Can I have your attention please? I have just received an e-mail from the anonymous Raw general manager...
These are the dreaded words heard at least once every Monday night from the official spokesperson for the Raw general manager, WWE commentator Michael Cole.
Amidst the chorus of boos and groans from the crowd, Michael Cole gets up from his seat behind the announce table, and goes to the podium where the laptop sits, unfazed by the large amount of heat he receives in doing so.
He opens the laptop.
And I quote...
With the second half of his signature catchphrase now finished, Cole reads aloud the general manager's message. Sometimes what the GM has to say pleases the audience, and sometimes it doesn't. And then there are times where the reaction is mixed.
But it doesn't matter whether or not the crowd likes or dislikes the GM's e-mail, because the one thing they can all agree on is this: They all hate the man reading it to them.
When Michael Cole first joined World Wrestling Entertainment back in 1997, he was an unassuming backstage interviewer that was frequently picked on by the talent in the locker room.
With the birth of Friday Night SmackDown in 1999, Cole became one of it's WWE commentators. Cole was the lead announcer of the blue brand for nine years, and eventually came to be known as "the voice of SmackDown" in the same way Jim Ross came to be known as "the voice of Raw".
But even after being in the WWE for over a decade, Cole never really stood out in the same way that other commentators did. J.R. was his own character. The King was his own character. JBL was his own character. Joey Styles. Taz. The list goes on.
For the first 11 years of his career in the WWE, Cole's role in the WWE was overshadowed by others, and he was mostly in the background. The fans were indifferent to him, and other than enjoying watching him get picked on, they never really thought much about him.
That was, of course, until 2008, when Michael Cole replaced Jim Ross on Monday Night Raw.
By replacing the WWE Universe's most beloved commentator, Cole suddenly became the target of heavy criticism from the fans. It soon became obvious that "Good Ol'" J.R. could never be replaced, and the more WWE tried to make "Vintage" Michael Cole likable and accepted on Raw, the more annoying he became.
The criticism went on the next two years, with fans hoping and praying that Ross would come back, and Cole would get sent back to SmackDown. But alas, Ross retired for good, and the WWE Universe finally accepted the fact that they were stuck with his less-popular replacement.
But then came 2010, and Michael Cole turned into a heel.
What started out as criticism of Daniel Bryan on WWE NXT has evolved into a full-fledged heel character that glorifies heels, insults faces, praises himself, and feuds with his colleagues.
In the span of a year, Cole has gone from an out-of-place tweener that annoyed people to a conniving heel that people love to hate. And for the first time in his career, he is finally a character.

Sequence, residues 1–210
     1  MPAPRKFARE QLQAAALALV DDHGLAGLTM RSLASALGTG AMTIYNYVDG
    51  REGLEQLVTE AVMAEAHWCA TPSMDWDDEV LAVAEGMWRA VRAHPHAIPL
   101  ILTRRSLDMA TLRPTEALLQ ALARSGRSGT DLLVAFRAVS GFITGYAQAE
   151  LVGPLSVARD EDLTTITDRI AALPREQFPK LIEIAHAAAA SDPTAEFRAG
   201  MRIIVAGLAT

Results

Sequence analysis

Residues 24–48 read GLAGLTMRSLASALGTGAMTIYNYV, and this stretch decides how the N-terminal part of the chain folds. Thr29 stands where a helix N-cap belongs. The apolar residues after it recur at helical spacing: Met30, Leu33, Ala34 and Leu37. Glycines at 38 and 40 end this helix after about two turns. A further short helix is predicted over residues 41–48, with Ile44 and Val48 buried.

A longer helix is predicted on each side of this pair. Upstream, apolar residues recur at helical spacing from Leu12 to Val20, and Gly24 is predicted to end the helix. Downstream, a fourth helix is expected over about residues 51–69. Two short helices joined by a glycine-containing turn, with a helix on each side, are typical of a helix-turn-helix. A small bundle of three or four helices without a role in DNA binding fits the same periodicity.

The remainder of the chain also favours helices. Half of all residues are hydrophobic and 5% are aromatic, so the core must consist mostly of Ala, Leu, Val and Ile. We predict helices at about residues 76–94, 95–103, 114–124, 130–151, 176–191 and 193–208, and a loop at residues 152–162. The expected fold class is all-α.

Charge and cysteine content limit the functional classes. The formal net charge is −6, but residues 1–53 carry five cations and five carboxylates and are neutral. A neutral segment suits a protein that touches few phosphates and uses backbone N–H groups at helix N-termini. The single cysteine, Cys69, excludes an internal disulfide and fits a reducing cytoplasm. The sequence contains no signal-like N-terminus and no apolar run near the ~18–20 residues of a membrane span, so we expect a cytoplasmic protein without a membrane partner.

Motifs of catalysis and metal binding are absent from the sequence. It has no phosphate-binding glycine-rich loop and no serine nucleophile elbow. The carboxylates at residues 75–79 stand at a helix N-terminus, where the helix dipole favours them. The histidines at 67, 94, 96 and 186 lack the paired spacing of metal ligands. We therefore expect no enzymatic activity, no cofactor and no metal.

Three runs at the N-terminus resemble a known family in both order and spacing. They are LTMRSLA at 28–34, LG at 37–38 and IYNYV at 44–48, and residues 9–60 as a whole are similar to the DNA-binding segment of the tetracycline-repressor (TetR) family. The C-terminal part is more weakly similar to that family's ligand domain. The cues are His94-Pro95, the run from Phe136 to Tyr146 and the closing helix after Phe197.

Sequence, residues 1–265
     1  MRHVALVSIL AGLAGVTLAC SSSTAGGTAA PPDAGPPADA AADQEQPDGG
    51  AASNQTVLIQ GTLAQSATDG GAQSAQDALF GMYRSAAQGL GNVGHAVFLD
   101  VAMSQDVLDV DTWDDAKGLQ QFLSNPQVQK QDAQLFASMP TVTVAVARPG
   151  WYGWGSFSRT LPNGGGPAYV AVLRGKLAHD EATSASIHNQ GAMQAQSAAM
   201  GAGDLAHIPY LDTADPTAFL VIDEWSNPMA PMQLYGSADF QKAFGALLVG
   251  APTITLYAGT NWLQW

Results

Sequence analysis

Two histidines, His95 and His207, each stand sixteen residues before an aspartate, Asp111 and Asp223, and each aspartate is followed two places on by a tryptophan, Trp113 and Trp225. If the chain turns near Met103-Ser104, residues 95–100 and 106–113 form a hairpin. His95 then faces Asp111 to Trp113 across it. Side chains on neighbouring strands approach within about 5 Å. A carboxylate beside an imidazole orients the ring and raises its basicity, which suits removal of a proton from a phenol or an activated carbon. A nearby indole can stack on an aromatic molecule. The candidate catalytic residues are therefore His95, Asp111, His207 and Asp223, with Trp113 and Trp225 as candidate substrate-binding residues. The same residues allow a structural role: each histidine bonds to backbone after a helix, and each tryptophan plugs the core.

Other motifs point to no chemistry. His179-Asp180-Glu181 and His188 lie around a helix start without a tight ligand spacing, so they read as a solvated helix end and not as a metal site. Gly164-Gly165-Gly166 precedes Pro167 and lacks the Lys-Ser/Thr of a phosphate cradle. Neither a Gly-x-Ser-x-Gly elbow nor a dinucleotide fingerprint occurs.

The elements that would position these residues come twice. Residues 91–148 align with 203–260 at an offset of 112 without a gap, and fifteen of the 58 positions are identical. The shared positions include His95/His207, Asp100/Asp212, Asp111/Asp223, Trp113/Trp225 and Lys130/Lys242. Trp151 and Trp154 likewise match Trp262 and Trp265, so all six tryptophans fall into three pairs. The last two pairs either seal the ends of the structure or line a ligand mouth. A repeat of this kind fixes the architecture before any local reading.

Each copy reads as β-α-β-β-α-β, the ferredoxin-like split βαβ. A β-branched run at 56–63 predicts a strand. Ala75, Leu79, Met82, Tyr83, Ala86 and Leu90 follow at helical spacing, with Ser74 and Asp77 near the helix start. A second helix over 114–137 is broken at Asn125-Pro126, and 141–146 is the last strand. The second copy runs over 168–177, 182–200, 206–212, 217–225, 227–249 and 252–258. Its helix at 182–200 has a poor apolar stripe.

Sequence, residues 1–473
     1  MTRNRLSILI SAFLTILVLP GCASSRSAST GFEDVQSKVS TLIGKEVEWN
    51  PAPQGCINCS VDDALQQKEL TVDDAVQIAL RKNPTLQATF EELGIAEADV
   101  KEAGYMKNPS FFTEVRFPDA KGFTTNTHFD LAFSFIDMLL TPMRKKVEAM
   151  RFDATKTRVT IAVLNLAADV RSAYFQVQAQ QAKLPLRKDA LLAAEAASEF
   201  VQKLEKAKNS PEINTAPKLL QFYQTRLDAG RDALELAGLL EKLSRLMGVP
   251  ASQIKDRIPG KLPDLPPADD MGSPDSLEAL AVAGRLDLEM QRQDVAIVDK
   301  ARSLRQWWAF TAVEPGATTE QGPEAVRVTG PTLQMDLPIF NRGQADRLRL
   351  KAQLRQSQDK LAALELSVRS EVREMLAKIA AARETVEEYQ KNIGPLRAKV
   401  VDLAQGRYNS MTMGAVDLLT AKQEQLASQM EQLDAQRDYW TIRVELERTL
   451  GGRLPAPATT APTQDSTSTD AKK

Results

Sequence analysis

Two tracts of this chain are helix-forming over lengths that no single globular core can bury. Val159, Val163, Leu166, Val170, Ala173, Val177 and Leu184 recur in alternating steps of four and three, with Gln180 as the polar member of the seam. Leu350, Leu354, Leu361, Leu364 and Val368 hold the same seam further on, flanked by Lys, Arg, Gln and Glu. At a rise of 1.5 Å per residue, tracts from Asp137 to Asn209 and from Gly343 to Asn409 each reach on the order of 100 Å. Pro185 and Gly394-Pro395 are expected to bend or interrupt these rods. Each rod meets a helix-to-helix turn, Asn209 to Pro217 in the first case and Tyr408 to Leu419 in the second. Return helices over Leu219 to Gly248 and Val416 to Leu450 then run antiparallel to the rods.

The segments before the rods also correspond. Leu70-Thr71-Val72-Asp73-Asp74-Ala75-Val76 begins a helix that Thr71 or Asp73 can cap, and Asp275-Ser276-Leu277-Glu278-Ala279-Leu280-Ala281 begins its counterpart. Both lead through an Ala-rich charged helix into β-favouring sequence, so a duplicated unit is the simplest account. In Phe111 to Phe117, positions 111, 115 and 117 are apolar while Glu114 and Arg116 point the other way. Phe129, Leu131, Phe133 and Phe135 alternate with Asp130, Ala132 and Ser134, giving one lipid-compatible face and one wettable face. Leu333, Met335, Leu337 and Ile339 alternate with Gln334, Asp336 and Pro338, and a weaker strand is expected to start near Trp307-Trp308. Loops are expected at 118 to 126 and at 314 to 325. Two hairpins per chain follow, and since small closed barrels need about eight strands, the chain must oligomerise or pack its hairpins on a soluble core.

Instead of remaining a poor man's Jim Ross, Cole has transformed into the anti-Jim Ross. If Jim Ross were God, then the Michael Cole would be The Devil.
At WrestleMania XXVII, however, things could change.
Michael Cole is set to face fellow commentator Jerry "The King" Lawler in a match at WrestleMania, complete with Jack Swagger as Cole's manager, and Stone Cold Steve Austin as the special guest referee.
Now while most of us assume that Jerry Lawler is going to walk out of WrestleMania XXVII with a victory over Michael Cole, it dosen't really matter who wins the match, because I believe no matter the outcome, something about Michael Cole will change afterwards.
I simply cannot see Michael Cole returning to the Raw commentary booth, with Jerry Lawler by his side, continuing his now-expected hellish antics. So I've narrowed my prediction of Michael Cole's post-WrestleMania XXVII future into three possible outcomes.
The first scenario is that Jerry Lawler retires. This follows the idea that this entire build up has been about Jerry Lawler's "last hurrah". His swan song, so to speak.
While this outcome dosen't really change anything about Michael Cole, but instead reinforces his current status as the top heel commentator in the WWE. He would most likely remain on both Raw and SmackDown, with Josh Mathews entering as the most likely replacement for Lawler on the red brand.
The second scenario is that Michael Cole leaves Raw and becomes a SmackDown-exclusive commentator.
This outcome hurts Cole the most, as it would most likely mean that he definitely loses against Lawler, and as a result, gets kicked off Monday nights. He could still continue to be a heel, but we would just be seeing him on one show instead of two.
But the final, and most powerful scenario is that Michael Cole becomes the official General Manager of Monday Night Raw.
You heard me. The laptop is thrown away. Cole leaves the announce table on both shows. He becomes the male Vickie Guerrero. The next Mr. McMahon. He gains absolute power and makes sure the lives of all baby-faces on Monday nights are a living hell. Bwuhaahaaahaaaahaaaa!
The GM scenario, to me, would be my personal choice, as I think Cole is better suited as a WWE official.
For a man who has spent fourteen years in World Wrestling Entertainment, Michael Cole spent a majority of his career in the shadows. But with the dawn of the new decade, so did his turn to shine in the spotlight. 2010 was his breakthrough year, and with the way things are shaping up, 2011 is proving to be the year he establishes himself as a top heel for years to come.
But whatever the outcome, after competing on the grandest stage of them all, Michael Cole will not be the same.
So now I'm asking you the same question:
What will WWE do to Michael Cole after WrestleMania XXVII?
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